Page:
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Faecal immunochemical tests for haemoglobin (FIT) are now widely used in asymptomatic colorectal (bowel) cancer screening since widely perceived as the best currently available non-invasive approach: participants with positive results are referred for further investigation, usually colonoscopy.1 Possibly because of (a) the positive publicity surrounding such programmes, (b) the information given that participants who experience lower abdominal symptoms between screening episodes should seek medical care and (c) the influence of well-known individuals in the media,2 the demand for colonoscopy has risen further over recent times. In addition, because more bowel disease is found, an increased requirement for colonoscopic surveillance after treatment has occurred, although there are early indications that FIT might be useful in this clinical setting as well as others.3 Further, there have been local, regional and national efforts in many countries encouraging people with abdominal symptoms to seek urgent medical attention in primary care, again leading to further demands on colonoscopy services.4

However, colonoscopy is often a limited resource and, in consequence, it would be of much benefit if a simple, inexpensive investigation would aid in deciding which of the many patients presenting with symptoms, particularly in primary care, would benefit from colonoscopy and which would not. This is particularly germane since, as pointed out some time ago by Jellema et al.5 and very well documented more recently by Vega et al.,6 diagnosis is a challenge, since there are often no specific symptoms and lower abdominal symptoms are very common and mostly related to problems other than significant bowel disease (SBD), which includes colorectal cancer (CRC), advanced adenoma (AA) that are sometimes precursors of CRC, and inflammatory bowel disease (IBD). Indeed, according to the National Institute for Health and Care Excellence (NICE) in England, common symptoms have a positive predictive value (PPV) for CRC of only 3–4%.7 Thankfully, there is ever growing evidence that FIT can be used to assist in the triage of patients presenting with symptoms of lower bowel disease.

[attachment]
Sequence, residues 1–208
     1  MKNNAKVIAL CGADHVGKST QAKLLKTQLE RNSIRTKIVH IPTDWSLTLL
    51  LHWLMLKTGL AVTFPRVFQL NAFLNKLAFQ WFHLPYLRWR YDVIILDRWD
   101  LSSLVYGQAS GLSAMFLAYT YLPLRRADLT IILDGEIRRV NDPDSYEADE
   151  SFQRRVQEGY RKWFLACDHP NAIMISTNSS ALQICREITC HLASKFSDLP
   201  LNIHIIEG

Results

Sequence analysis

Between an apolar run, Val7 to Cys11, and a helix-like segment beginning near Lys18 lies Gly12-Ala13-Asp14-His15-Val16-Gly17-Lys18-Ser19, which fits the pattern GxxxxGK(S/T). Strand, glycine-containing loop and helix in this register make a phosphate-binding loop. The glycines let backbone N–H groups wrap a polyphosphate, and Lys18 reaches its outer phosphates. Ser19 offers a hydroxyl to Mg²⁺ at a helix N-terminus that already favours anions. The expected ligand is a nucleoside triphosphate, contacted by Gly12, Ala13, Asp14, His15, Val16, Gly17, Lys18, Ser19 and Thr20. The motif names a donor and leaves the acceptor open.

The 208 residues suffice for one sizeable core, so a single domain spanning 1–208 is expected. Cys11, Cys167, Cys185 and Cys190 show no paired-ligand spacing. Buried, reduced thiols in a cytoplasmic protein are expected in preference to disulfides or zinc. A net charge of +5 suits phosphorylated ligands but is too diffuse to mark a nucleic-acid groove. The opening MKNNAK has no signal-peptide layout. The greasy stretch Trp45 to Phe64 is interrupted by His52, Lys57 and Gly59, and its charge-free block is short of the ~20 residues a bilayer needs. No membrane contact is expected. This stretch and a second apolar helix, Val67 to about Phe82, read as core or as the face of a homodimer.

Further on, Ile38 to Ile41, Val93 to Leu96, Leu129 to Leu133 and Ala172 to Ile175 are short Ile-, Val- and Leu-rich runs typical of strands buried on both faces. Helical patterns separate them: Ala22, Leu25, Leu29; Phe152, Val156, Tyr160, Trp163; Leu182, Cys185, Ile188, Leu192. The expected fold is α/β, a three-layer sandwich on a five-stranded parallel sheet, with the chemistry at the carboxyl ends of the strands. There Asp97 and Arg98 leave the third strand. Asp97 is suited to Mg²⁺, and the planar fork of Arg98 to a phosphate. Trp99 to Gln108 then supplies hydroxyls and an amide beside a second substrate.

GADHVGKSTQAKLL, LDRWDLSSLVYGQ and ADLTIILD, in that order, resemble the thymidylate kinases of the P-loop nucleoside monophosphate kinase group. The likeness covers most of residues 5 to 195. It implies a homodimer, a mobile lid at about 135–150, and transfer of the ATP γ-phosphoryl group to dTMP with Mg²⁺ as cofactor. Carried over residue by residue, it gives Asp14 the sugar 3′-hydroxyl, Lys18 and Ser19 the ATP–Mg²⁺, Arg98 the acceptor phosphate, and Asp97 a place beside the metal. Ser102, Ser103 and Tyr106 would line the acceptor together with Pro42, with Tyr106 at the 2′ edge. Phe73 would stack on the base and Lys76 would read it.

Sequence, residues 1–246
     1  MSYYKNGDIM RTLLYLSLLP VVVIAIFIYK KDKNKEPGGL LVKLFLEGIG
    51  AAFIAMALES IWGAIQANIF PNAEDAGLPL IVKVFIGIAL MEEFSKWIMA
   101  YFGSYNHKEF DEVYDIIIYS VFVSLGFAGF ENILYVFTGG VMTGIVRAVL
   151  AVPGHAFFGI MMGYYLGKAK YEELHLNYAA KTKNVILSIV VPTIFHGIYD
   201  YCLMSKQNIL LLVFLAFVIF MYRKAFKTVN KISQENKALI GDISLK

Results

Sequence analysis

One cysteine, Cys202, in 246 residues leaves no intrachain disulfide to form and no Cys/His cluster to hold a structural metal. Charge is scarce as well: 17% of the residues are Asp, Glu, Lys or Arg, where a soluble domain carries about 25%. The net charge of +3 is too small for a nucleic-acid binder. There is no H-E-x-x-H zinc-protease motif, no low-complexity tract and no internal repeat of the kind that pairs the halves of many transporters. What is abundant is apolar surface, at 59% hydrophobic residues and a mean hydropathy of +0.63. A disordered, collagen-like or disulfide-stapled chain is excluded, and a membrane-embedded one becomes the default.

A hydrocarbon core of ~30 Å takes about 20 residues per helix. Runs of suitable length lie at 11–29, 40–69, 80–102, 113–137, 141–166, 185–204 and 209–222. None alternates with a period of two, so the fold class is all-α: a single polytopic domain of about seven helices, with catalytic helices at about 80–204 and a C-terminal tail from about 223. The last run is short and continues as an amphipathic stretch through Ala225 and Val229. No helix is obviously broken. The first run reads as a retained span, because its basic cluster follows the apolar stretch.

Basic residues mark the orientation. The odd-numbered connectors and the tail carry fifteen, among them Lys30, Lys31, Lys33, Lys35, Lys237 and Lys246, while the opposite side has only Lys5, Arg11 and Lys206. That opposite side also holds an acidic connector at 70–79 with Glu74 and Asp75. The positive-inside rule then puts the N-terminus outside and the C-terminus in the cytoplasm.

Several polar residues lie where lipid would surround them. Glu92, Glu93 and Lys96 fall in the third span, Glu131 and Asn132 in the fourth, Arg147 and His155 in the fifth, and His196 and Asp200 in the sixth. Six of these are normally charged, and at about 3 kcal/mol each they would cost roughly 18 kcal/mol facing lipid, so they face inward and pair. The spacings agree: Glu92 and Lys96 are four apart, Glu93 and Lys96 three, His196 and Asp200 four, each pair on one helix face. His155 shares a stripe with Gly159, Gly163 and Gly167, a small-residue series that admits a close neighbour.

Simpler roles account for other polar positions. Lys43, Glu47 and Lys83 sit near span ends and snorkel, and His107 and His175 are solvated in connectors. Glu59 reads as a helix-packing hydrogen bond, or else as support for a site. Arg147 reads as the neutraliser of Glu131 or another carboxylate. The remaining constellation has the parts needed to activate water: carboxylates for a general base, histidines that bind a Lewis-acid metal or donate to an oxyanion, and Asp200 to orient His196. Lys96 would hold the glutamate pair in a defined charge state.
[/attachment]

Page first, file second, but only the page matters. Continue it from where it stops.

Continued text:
FIT in assessment of patients with lower abdominal symptoms

The evidence for the successful application of FIT in assessment of patients presenting in primary care with lower abdominal symptoms, and patients being seen in secondary care clinics after referral, has been very well documented in a number of recent reviews.8–11 Therefore, the fine details of the individual studies will not be repeated in detail in this review. Although it is known that there are a number of real-world pilots, feasibility studies and evaluations of FIT in the assessment of symptomatic patients underway and publications on this topic are in press or in preparation, there appears to have been only one further relevant publication12 since the most recent comprehensive review.11 This study investigated the value of a quantitative FIT in the diagnostic process of CRC and other SBD in individuals presenting with low risk symptoms in general practice, FIT being used as a rule-in test on patients aged ≥30 years with the faecal haemoglobin concentration (f-Hb) cut-off for referral to colonoscopy being 10μg Hb/g faeces: 3462 FIT were performed and 540 (15.6%) had positive results. Of these, 51 (PPV: 9.4%) individuals with a positive FIT result were diagnosed with CRC and 73 (PPV: 13.5%) with other SBD. The false negative test result rate for CRC was < 0.1%. It was concluded that FIT may be used as a supplementary diagnostic test in general practice in the diagnostic process of CRC and other SBD in individuals with low risk of CRC.